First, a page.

Vaclav Havel probably has a higher profile at the moment than at any time since he stepped down as Czech president almost five years ago. His first play in two decades has been published in book form, ahead of its planned stage premiere in spring. And this week has seen the opening of an exhibition entitled Vaclav Havel – Czech Myth, which is a kind of taster for a planned US style presidential library.
An exhibition entitled Vaclav Havel – Czech Myth has opened at Hilgertova Cihelna on Prague’s Kampa. The temporary exhibition catalogues the life and work of the playwright, former dissident and president. Among the items on display are a model of the interior of Mr Havel’s cottage and replicas of his desk and library from the president’s office at Prague Castle. The exhibition has been organised by the Vaclav Havel Library, which is currently looking for a permanent home in the centre of the city.
Last week one of the Czech Republic’s most important artists, Milan Knizak - sculptor, painter, poet, head of the National Gallery and outspoken pedagogue - opened a new solo show (Recent Work) at Prague’s Manes Exhibition Hall. Dominant themes include Knizak’s take on the crucifixion as well as the Madonna with child, painted with a fresh, even punk sensibility and signature irreverence. Paintings include slogans, which some reviewers have called “urgent”, others “stinging”: slogans such as “I hate progress” or “I hate nature”, some in English,
They fought against the Nazis but were treated as enemies in Czechoslovakia after the war: that is the starting point for “Forgotten Heroes” a travelling exhibition in the Czech Republic mapping the story of ethnic Sudeten Germans who fought against the Nazis. Despite their resistance to Hitler in World War II, many still suffered persecution in Czechoslovakia after the end of the war.
Our guest for One on One this week is Scottish artist Stewart Kenneth Moore who has been living in the Czech Republic since 1994. In that time, he has built up a reputation as one of the city’s most capable artists and draughtsmen, who is particularly well respected for the portraits he has done of many members of the city’s business community. Besides painting, Stewart also has a keen interest in graphic design and his illustrations have been used by a number of publications, including Esquire and Elle Magazine.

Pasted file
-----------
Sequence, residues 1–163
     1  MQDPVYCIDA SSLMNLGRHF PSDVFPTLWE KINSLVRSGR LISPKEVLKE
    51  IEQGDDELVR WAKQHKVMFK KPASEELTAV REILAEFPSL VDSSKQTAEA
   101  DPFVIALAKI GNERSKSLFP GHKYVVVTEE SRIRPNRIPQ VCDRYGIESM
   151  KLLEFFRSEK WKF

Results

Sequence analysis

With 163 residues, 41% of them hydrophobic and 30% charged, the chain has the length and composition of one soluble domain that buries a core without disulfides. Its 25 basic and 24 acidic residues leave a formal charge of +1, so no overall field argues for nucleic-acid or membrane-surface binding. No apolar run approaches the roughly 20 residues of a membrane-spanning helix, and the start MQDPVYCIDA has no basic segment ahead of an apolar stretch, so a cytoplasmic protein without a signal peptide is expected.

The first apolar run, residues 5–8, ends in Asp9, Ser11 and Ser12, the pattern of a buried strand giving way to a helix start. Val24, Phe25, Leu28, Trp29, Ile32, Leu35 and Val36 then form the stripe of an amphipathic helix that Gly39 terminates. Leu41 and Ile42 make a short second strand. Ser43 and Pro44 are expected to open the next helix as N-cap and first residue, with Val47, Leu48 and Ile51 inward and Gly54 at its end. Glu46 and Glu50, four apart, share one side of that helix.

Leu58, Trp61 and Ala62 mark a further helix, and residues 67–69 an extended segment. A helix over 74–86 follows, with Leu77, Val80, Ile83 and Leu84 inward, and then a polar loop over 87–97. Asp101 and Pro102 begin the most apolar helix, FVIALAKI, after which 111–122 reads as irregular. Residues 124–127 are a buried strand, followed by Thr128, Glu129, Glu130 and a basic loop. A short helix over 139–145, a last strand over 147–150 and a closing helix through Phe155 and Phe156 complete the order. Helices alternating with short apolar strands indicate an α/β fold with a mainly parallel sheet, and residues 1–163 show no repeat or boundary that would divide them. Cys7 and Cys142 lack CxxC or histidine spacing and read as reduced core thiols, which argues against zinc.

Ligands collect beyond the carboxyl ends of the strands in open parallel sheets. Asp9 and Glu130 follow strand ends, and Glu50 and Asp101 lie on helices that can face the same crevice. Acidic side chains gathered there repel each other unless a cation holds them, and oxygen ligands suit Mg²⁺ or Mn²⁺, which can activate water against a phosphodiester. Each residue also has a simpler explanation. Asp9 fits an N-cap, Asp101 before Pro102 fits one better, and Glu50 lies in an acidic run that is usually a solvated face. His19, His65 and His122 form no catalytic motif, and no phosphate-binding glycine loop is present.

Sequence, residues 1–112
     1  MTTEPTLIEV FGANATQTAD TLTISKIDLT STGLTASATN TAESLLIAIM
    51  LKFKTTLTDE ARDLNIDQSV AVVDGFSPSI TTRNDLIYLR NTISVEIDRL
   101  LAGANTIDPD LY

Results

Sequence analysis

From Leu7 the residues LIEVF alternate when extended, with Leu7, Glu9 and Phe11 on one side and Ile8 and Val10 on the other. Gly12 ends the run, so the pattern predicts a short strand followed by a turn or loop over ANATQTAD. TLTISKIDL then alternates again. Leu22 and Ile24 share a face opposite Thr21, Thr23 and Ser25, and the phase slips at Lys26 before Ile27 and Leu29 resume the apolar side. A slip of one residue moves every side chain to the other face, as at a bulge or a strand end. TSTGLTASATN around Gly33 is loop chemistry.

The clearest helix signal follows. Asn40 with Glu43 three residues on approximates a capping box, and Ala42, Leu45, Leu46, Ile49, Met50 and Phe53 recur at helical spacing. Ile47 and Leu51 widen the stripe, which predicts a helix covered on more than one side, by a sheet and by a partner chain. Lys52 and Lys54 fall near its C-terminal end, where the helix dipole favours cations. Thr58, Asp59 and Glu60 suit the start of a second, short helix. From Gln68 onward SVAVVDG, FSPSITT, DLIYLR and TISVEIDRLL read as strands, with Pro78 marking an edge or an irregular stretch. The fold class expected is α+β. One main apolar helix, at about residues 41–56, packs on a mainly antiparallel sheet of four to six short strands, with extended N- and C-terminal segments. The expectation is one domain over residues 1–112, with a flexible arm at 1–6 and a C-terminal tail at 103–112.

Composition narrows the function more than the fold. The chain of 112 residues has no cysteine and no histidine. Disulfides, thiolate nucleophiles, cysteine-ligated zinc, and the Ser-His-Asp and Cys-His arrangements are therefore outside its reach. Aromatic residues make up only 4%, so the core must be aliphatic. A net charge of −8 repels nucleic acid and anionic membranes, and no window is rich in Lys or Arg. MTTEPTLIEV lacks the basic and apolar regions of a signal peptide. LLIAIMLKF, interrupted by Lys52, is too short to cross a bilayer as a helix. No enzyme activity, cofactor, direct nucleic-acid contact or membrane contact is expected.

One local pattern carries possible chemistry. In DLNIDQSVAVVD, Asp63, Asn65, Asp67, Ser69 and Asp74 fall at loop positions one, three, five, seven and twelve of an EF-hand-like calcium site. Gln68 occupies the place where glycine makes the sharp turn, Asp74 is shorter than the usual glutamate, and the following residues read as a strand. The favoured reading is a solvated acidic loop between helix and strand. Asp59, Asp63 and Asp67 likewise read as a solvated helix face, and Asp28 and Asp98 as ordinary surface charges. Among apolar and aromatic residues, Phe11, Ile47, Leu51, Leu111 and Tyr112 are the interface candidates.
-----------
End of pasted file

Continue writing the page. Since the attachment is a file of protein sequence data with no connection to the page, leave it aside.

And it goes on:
Josef Lada’s paintings have reached iconic status here in the Czech Republic, and you may be familiar with them too, without even knowing it. Lada was the illustrator who gave the smiling, rotund, Good Soldier Svejk his form. In the course of his career, he illustrated over 200 books - some, fairytale anthologies for children, others, like Svejk, intended for grown ups. Now Josef Lada is the subject of a major new retrospective in Prague.
This weekend a painting by a famous French Fauvist painter Maurice de Vlaminck was sold at an auction in Prague’s Dorotheum for 5.3 million crowns (approximately 280,000 US dollars). Even though it was valued at 7 million crowns, in the end it only slightly exceeded the starting price. Vlaminck’s “Landscape with Buildings”, dating back to 1914, has thus become the 13th most expensive work of art to be sold at a Czech auction. The head of the auction house Marie Galova says it is not easy to explain the lack of interest on the part of buyers but
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